The following is the raw, unedited video of the flight. The flight was between 8-10 minutes but since the video tape in the camera was running out we cut out the last 1/3 of the flight to make sure we could get the landing on tape (which we did).
MXS Maiden Video
I wasn't able to push the envelope due to the wind but towards the end of the flight I did try some things that did not show up on the video. My initial thoughts on the plane are:
More to come.
|Nov 12, 2008, 03:58 AM|
Joined Jul 2008
If you check my blog you'll notice that I had a similar experience during my first flight of the Owl-RT (except for the crash; I crashed it later! ).
One thing I was taught by Kaos2 (Rich, great guy, wise and experienced), who designed the Regal and Regal Bipe 3D models, and he is sooo right, is that it's useless to fly your maiden flight in windy conditions, specially for a new model, and a new design.
Your MXS looked great in flight though and I am sure it has a lot of potential. I guess it's normal to revise a design after the first prototype. I am on my no. 4 Owl-RT and still making design changes! That's why foam planes are fun to build and fly (and crash).
I am sure that after you have a few hours flying on the MXS (in calm air) you'll be able to figure out lots of things that are already perfect in the design and whatever needs improving.
|Nov 17, 2008, 10:22 AM|
Detailed Damage Report
Some pictures of the damage after the maiden. As mentioned above the damage was located in 3 main areas:
There was one piece of damage I couldn't get a picture of due to the location and that was the de-bonding of the crutch assembly and the crack in it. All damage was taken care off with some glue and a small strip of carbon to reinforce the crack in the crutch assembly.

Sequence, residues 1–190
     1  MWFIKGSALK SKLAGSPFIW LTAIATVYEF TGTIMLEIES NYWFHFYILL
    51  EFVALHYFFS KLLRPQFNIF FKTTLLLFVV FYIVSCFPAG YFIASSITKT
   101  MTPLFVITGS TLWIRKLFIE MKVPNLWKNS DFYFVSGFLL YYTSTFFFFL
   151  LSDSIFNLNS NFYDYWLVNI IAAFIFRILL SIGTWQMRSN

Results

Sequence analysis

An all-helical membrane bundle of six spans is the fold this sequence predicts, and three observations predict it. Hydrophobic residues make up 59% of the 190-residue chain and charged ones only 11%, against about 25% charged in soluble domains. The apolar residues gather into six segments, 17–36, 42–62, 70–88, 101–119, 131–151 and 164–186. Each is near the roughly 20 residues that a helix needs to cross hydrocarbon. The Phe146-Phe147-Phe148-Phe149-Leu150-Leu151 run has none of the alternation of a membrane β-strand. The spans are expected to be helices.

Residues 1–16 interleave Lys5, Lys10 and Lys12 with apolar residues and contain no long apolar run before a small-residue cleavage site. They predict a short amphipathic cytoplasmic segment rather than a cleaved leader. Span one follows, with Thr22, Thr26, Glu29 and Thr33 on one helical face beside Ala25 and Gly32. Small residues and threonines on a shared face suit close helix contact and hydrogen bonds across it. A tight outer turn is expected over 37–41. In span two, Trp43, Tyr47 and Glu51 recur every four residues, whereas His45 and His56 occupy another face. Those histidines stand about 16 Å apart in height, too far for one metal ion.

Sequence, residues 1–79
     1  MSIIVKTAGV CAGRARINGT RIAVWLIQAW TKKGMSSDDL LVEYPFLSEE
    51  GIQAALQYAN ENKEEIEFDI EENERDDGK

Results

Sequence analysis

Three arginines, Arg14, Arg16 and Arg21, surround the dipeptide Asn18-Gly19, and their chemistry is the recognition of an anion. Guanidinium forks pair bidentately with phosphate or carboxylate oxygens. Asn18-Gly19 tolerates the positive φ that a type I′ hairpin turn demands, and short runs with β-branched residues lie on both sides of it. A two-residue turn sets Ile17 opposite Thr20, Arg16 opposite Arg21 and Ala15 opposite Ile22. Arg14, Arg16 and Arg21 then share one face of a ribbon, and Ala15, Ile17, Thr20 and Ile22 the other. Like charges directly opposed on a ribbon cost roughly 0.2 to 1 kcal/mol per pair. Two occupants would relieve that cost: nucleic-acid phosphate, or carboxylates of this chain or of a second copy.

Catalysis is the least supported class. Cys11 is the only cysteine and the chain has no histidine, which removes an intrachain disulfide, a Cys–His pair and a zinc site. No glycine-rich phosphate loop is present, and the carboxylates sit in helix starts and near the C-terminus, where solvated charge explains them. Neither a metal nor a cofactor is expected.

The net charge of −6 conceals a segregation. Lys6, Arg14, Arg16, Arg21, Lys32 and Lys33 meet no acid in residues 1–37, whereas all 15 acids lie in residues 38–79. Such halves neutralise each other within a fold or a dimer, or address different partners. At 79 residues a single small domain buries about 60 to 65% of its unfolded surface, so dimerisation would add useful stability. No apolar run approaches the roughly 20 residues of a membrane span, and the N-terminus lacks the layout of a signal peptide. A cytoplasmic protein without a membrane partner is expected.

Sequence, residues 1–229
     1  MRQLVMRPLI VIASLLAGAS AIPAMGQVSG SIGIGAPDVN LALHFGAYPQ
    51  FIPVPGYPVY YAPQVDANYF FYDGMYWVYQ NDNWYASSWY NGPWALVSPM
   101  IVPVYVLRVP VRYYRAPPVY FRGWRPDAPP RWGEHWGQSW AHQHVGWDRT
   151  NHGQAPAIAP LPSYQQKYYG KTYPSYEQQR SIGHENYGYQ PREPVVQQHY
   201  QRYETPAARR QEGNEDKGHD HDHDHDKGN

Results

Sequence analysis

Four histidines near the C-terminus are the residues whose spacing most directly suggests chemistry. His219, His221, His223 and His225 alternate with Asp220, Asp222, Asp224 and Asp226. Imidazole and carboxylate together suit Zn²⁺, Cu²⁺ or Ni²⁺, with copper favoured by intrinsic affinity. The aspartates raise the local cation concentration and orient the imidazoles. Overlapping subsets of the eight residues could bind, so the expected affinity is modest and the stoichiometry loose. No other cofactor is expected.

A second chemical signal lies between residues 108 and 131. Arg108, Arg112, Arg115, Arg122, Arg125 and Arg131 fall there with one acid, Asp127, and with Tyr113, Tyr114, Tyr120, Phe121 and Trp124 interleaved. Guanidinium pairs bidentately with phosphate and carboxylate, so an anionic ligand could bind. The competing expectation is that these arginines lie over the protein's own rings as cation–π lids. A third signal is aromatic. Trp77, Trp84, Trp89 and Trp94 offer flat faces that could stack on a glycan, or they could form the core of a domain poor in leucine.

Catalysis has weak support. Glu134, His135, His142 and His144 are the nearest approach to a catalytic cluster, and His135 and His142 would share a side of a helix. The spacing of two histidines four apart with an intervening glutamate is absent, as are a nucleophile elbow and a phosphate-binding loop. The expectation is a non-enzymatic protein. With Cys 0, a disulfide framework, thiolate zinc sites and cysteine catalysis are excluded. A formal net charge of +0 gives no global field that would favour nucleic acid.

|Nov 17, 2008, 11:24 AM|
Flight Report, 11/16/08
Got to take the MXS out for another spin yesterday.
I only have one pack right now so I only got two flights in with a charge in between but they were both good flights.
First flight was in calm weather early in the morning and it flew very well. It has endless vertical with the current set-up and fast snaps. It will fly much faster then my profile foamy and I did a couple of what I would consider "high speed" passes to get a feel. It will slow down a fair amount though I haven't pushed the envelope to see how slow it will go. It flies just as well inverted as it does upright, just a little down elevator to keep it level. Inside and outside loops both normal and inverted were a breeze. Roll rate is a little slow for my taste and I will try to make some changes there. I did some flat "rudder only" turns and they were nice and crisp, just a little opposite aileron to keep the wings perfectly level. Came down for the landing nice and slow, does need a little more speed than my foamy to land (more like a real plane), I keep some throttle in it until just before touchdown.
My second flight was a couple of hours later with 5-8 Mph winds. This was my first take off from the deck. The roll-out was straight and short, itjumped into the air at half throttle within 10-15ft. It handled the wind very well but due to it's light weight it was being pushed around some, you definitely need to be on top of it in the wind (like any foamy). Again, still getting a feel for it but it flies nicely. I did a few knife edge passes and they did require a little bit of aileron and elevator to keep straight but in general I was very happy since they require very little rudder to keep the plane flying level. This time I landed with more speed to avoid any mishaps in the wind and had to come around 3 times before I could get the right approach angle, speed and altitude for a beautiful landing, taxied back to the pits on the grass runway and taxiway! One thing I noticed is that at faster landing speeds it definitely wants to stay up there in a brisk head-wind, you need to start you approach lower/farther and "help" it down a little.